A back-and-forth weekend in Corvallis didn’t exactly end the way the No. 7 Stanford baseball team had envisioned.
Things seem to be clicking for the No. 9 Stanford baseball team at just the right time, with a key Pac-12 series against No. 11 UCLA (27-10, 11-7) in Westwood, Calif. kicking off tonight. Going a perfect 4-0 and scoring at least eight runs in all four of its games this week, Stanford’s bats finally seem to be coming together again with five weekends of conference play remaining. But it hasn’t been preseason All-American juniors Kenny Diekroeger and Stephen Piscotty leading the charge; instead, the Cardinal (26-10, 8-7 Pac-12) has been getting much of its production from players who have been making some of their first starts of the season due to injuries to centerfielder Jake Stewart and shortstop Lonnie Kauppila.
The last week has been anything but a break for the No. 3 Stanford baseball team, which played seven games in eight days to open its conference season. And while a pair of victories against No. 29 USC in a doubleheader got that busy stretch off to a promising start, spring break quickly turned into a humbling experience for the Cardinal (16-6, 2-4 Pac-12), whose sloppy play cost it four Pac-12 games in a row and its first series loss of the season.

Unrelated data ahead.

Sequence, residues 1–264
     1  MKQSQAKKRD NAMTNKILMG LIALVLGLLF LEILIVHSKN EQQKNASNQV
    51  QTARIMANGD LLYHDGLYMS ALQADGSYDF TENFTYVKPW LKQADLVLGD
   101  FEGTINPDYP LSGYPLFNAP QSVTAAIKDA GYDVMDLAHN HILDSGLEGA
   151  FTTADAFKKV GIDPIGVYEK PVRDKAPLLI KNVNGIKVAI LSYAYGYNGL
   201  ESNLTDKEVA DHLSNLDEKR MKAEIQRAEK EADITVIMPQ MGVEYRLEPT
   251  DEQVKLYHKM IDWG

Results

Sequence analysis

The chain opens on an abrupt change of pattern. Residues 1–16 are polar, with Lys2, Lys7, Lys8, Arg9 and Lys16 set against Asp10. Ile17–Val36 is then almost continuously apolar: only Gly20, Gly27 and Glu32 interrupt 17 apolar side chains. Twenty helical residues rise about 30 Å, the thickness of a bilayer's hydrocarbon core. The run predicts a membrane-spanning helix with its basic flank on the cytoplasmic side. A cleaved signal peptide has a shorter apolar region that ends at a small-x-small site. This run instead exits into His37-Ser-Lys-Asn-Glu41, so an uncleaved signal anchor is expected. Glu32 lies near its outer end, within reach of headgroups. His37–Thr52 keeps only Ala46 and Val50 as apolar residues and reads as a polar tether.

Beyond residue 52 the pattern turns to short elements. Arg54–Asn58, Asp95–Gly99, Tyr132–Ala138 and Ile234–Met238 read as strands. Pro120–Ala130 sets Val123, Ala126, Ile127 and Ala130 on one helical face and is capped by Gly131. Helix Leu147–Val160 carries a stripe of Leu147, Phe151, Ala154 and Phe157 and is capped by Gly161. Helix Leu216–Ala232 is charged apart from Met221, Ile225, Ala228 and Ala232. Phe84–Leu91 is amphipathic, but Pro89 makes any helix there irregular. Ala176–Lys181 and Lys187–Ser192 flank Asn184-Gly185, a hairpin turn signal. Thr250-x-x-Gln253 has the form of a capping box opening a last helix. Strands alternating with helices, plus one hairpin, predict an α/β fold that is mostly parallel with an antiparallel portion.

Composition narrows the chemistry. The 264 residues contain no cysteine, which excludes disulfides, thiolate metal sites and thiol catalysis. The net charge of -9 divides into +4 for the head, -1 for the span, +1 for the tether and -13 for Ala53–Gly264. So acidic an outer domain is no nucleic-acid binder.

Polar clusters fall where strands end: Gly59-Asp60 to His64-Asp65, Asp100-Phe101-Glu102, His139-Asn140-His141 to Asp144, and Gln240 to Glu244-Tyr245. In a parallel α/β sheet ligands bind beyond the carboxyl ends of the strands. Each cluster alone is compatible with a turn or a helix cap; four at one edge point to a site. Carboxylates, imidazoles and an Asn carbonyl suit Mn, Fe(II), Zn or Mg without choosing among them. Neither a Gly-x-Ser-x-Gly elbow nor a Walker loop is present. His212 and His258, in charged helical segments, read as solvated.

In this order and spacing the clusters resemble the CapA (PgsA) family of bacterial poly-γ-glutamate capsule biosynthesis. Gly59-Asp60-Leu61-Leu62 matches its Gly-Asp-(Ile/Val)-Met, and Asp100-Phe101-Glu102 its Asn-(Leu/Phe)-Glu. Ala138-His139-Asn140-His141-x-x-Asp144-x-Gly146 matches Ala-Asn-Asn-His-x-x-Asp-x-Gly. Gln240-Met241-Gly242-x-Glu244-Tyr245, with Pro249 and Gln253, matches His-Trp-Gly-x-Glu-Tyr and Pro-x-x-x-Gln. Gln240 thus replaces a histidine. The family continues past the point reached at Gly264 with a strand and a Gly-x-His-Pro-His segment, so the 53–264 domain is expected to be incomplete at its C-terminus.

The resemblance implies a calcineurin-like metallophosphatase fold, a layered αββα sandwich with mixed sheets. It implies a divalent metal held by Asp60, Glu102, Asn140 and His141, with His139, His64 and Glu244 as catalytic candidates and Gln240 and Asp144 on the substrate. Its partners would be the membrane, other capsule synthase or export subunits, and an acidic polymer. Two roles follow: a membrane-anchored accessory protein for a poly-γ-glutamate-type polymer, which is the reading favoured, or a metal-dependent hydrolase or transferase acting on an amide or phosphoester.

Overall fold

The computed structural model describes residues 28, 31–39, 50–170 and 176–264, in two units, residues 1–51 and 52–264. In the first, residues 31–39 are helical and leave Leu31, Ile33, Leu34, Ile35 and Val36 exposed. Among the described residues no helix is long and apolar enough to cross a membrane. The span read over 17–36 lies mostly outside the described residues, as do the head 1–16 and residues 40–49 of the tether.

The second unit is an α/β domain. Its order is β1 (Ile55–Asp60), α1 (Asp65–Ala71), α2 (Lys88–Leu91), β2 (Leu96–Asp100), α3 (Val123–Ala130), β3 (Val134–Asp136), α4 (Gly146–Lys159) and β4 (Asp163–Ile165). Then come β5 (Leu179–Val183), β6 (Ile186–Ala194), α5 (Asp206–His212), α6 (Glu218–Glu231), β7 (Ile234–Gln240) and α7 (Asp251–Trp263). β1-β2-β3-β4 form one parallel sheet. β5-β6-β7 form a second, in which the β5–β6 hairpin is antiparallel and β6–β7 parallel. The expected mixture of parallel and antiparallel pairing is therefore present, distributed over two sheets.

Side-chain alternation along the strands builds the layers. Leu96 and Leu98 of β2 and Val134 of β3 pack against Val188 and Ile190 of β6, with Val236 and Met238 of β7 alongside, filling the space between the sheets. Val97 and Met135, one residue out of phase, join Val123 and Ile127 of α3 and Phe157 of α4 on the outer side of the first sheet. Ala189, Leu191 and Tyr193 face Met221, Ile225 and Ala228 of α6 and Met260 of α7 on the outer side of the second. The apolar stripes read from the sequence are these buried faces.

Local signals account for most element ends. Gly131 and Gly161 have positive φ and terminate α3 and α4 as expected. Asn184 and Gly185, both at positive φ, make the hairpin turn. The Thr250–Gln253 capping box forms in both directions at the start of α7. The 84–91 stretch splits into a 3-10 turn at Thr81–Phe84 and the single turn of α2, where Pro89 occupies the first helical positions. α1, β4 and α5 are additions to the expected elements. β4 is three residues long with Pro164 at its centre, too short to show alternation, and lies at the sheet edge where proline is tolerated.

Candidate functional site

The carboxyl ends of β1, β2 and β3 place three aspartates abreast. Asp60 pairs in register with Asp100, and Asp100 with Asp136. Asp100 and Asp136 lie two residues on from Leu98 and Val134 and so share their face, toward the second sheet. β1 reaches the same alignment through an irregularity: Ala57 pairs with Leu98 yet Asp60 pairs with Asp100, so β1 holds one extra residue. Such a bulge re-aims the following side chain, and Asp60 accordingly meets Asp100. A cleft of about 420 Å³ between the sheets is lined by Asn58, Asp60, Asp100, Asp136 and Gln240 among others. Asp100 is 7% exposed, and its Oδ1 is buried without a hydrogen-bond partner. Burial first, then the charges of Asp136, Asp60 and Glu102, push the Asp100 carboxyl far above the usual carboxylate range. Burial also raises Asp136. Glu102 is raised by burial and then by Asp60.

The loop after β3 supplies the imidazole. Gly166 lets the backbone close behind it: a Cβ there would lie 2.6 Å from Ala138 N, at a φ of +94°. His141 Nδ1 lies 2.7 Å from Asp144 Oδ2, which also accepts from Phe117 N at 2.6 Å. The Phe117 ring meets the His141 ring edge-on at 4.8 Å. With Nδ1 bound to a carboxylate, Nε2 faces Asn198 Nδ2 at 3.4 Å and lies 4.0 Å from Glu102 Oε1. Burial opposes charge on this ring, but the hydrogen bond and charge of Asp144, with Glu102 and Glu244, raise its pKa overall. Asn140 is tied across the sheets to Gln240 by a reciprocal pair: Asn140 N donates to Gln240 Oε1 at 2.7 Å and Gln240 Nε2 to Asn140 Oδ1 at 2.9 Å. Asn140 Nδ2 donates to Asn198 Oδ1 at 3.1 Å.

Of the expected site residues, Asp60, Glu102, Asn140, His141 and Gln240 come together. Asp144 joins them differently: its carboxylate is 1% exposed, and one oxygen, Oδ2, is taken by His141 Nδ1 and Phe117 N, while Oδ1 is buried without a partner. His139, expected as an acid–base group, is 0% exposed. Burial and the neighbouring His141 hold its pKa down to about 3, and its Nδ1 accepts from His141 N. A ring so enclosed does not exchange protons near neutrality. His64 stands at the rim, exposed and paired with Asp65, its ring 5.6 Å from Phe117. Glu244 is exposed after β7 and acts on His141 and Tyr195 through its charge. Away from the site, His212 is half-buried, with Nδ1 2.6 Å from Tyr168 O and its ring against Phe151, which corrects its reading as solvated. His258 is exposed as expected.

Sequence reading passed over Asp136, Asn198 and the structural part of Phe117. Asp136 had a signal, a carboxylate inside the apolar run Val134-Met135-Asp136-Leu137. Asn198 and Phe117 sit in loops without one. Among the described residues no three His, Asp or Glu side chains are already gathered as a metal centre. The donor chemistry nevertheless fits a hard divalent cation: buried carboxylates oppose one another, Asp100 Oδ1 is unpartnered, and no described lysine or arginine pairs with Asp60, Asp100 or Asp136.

Frankly, this Stanford team is better than I expected it to be. A slew of players have so far performed better than I could have imagined.
The No. 2 Stanford baseball team won its third midweek game of the season Tuesday afternoon at Saint Mary’s, as three Cardinal pitchers held the Gaels to just five total hits in a 5-0 victory for the squad’s second shutout in three games.
The top-ranked Stanford baseball team opens a series at Fresno State tonight in what will be a weekend of firsts for the 8-0 Cardinal. This is the squad’s first three-game set on the road after losing five of its eight away series a year ago. This is the first time this year that Stanford has stability in its pitching rotation following the emergence of freshman Sunday starter John Hochstatter. And it’s also the first time the Cardinal can call itself the No. 1 team in the country in eight years, ending Stanford’s longest sojourn from the top of the national rankings since longtime head coach Mark Marquess’ first days at the helm of the program in the late ‘70s and early ‘80s.